Partnerships and Links

The Blandford Town Museum is proud to work with other local groups to organise community projects and events. You can also find below some information about organisations with similar interests, and local history websites.

Blandford Environmental Trust

The Blandford Environmental Trust Ltd (BET) is a partnership between the Blandford Town Museum, the Rotary Club, and The Blandford School. The Trust was established in 2010 to manage Angus Wood and other environmental projects in the Blandford area. To support its activities, BET organises community fundraising events including Blandford’s Hidden Gardens. Visit BET’s Facebook page for more information.

Angus Wood

Friends of Angus Wood

Planting an oak tree during the opening ceremony

Angus Wood is a small (0.5ha) plot of young woodland situated amongst housing near Blandford town centre. It was planted by the Woodland Trust for Mrs Jean Angus in 1985, and donated to the community by the Angus Family in 1990. Because of the difficulties of maintaining a small wood, it fell into neglect for several years until the Woodland Trust sought community involvement. The newly-established BET was granted a 25 year lease on the wood, which was formally opened under our management by Sir Gillean Prance (former Head of Kew Gardens) on 1st July 2010.

A young volunteer with a shy resident of Angus Wood

Angus Wood is used for nature-based and storytelling events organised by the BET. It’s also a great place for picnicking, dog walking or just listening to the birds singing. The woodland is permanently open to the public, and is maintained by BET members and other volunteers.

Working in the Wood

Angus Wood is on St Leonard’s Road, Blandford Forum DT11 7PJ
OS Grid Ref: ST 88973 06563

For more information on Angus Wood please visit the Blandford Rotary Club website.

Blandford’s Hidden Gardens

This popular event gives residents and visitors a chance to discover some of the private gardens tucked away behind the walls and buildings of the town centre and surrounding streets.

For more information about the latest Hidden Gardens and other open garden events, please visit the Open Gardens website.

Riot 1831

In October 1831 a wave of disturbances swept across England after the rejection of the Second Reform Bill in the House of Lords. These ‘reform riots’ began with serious disorder in the East Midlands, which spread to towns in the West and Southwest and culminated in Bristol with the most serious riot in nineteenth century Britain. Over three days, crowds set fire to  several major institutions  and released prisoners from four jails. The riot was violently suppressed by military units, and hundreds of people were killed or wounded.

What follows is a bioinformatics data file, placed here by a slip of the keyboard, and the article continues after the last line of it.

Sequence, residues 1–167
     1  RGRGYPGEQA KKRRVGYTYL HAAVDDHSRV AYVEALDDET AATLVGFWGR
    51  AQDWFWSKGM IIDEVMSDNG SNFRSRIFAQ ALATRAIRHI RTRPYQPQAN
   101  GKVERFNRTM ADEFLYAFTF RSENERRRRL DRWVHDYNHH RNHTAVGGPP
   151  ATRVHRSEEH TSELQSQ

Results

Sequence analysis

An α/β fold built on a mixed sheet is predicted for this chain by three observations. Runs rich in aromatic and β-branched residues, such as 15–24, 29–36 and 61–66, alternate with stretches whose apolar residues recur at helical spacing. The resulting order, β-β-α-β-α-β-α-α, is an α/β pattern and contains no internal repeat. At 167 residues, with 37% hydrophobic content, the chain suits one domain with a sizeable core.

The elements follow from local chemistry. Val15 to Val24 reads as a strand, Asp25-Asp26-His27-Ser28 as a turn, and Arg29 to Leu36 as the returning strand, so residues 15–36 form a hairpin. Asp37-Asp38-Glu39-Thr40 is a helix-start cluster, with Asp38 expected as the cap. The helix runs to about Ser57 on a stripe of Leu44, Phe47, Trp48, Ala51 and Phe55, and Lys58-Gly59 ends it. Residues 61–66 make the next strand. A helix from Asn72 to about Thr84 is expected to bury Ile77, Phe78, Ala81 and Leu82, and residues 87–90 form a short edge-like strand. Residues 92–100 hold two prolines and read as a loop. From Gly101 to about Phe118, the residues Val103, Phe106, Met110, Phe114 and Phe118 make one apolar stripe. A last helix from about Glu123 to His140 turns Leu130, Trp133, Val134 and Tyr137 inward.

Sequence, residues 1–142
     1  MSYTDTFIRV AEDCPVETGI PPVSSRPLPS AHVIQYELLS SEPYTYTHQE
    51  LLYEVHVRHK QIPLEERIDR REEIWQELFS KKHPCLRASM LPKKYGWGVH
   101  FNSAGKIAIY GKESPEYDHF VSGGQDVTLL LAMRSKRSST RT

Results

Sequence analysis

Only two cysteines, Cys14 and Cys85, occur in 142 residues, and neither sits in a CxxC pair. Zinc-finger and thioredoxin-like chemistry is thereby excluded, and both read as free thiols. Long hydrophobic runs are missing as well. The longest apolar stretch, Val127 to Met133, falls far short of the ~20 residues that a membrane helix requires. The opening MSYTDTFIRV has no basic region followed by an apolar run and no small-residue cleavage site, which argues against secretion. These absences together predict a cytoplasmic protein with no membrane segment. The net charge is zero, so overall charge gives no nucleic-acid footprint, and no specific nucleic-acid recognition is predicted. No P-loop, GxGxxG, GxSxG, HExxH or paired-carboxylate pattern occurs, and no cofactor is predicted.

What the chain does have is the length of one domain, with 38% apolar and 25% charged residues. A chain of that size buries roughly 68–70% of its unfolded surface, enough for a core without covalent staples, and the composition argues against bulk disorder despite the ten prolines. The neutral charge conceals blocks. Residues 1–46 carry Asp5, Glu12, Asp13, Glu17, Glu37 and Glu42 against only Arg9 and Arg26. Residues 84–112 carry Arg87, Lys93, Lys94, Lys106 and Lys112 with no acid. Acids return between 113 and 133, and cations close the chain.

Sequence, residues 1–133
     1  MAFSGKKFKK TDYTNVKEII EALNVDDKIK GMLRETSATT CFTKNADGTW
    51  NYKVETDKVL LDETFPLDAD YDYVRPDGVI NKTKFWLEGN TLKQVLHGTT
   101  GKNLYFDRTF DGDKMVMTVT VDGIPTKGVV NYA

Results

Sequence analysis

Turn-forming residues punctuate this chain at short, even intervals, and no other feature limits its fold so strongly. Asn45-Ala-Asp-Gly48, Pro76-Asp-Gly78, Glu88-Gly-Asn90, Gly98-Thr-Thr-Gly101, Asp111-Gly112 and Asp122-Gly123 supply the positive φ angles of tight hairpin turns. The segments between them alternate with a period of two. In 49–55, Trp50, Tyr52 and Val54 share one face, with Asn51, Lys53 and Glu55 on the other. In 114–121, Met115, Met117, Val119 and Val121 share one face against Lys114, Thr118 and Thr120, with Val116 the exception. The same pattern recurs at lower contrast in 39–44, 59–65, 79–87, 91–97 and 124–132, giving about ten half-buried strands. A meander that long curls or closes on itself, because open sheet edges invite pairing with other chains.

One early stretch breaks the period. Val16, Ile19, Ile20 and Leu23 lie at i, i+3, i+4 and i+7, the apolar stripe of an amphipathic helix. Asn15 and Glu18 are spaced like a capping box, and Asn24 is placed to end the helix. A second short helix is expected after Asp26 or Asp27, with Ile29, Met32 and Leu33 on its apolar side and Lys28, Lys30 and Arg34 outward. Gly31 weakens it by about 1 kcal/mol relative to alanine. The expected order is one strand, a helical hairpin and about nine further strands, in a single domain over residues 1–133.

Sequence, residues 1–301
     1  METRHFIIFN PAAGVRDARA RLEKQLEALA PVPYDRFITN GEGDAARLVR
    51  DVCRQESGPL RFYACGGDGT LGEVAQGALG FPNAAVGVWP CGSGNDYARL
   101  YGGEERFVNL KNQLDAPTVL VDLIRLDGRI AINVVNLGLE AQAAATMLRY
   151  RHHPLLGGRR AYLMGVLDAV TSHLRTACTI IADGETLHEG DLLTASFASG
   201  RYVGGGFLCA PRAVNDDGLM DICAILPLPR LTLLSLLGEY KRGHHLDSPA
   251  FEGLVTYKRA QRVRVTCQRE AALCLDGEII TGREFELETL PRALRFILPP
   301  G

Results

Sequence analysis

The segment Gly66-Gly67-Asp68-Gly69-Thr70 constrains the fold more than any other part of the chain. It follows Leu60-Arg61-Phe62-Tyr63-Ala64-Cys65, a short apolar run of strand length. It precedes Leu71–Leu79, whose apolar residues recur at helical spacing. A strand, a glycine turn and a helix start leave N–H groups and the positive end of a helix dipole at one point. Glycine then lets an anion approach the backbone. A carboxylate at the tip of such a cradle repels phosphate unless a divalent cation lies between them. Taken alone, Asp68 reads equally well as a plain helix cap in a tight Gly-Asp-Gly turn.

William James Muller, Queen Square on the Night of October 30th, circa 1832, ©Bristolculture

An academic research project is seeking to understand how these protests developed into collective violence and how they spread across cities, regions and the country. The Shire Hall Historic Courthouse Museum in Dorchester will be the focal point for research into the reform disturbances in Dorset.

One of the case studies being used by the researchers relates to the events in Blandford Forum on 17 October 1831. Unhappy with the result of a by-election which narrowly returned anti-reform candidate Lord Ashley as member of parliament for Dorset, a disgruntled crowd attacked the properties of Lord Ashley’s lawyer and his political supporters, culminating in a military intervention by the 3rd Dragoon Guards. The leader of the protestors was sentenced to death at his trial in Dorchester, though this was later commuted to transportation for life.

Because of this local dimension, the Blandford Town Museum will work with the researchers to help publicise their findings within the town.

For more information, please visit

Local History Websites

The material on these websites has been collated independently of the Blandford Town Museum. The Museum makes no claim as to the reliability of the information, and any views expressed are those of the website author.

Blandford Express

Blandford Express is a blog which celebrates the rich and colourful history of Blandford Forum, its surrounding villages and their people.

The website tells tales such as the Shapwick Sea Monster and the Handsome Highwayman, and fondly remembers lost Blandford insititutions from the railway station to ‘Panda Pops’.

Rush Hour at Blandford Station, photograph courtesy of Barry Markham

Heroic Blandfordians are commemmorated, including Samuel Johnson who served on HMS Victory at the Battle of Trafalgar, and more recent military accounts of nuclear weapons being carried by RAF bombers at Tarrant Rushton are recalled.

Posting fresh tales each month, and written by ‘Old Pimpernian’, The Blandford Express website takes its name from the town newspaper which was published weekly by James Henry Bartlett between 1869 & 1895.


Blandford Schools’ Combined War Memorials

This site aims to record the life stories of all the former masters and pupils who are commemorated on the war memorial plaque at The Blandford School, and those who appeared on the memorial at Milton Abbas Grammar School which has now been lost.

The War Memorial at the Blandford School is very different from the Town Memorial in the Corn Exchange, reflecting the wider area from which pupils have always travelled to school in Blandford. Similarly, the War Memorial for Milton Abbas Grammar School, which closed in 1929, reflects its mixture of Boarders and Day pupils.